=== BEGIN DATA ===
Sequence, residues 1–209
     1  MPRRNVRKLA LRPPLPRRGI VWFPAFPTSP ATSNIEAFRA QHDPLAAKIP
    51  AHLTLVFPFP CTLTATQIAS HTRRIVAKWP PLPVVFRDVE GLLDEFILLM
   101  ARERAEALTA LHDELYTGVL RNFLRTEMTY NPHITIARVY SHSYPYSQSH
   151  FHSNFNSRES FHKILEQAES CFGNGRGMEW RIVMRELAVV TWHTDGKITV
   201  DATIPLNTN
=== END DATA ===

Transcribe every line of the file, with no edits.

Sequence, residues 1–209
     1  MPRRNVRKLA LRPPLPRRGI VWFPAFPTSP ATSNIEAFRA QHDPLAAKIP
    51  AHLTLVFPFP CTLTATQIAS HTRRIVAKWP PLPVVFRDVE GLLDEFILLM
   101  ARERAEALTA LHDELYTGVL RNFLRTEMTY NPHITIARVY SHSYPYSQSH
   151  FHSNFNSRES FHKILEQAES CFGNGRGMEW RIVMRELAVV TWHTDGKITV
   201  DATIPLNTN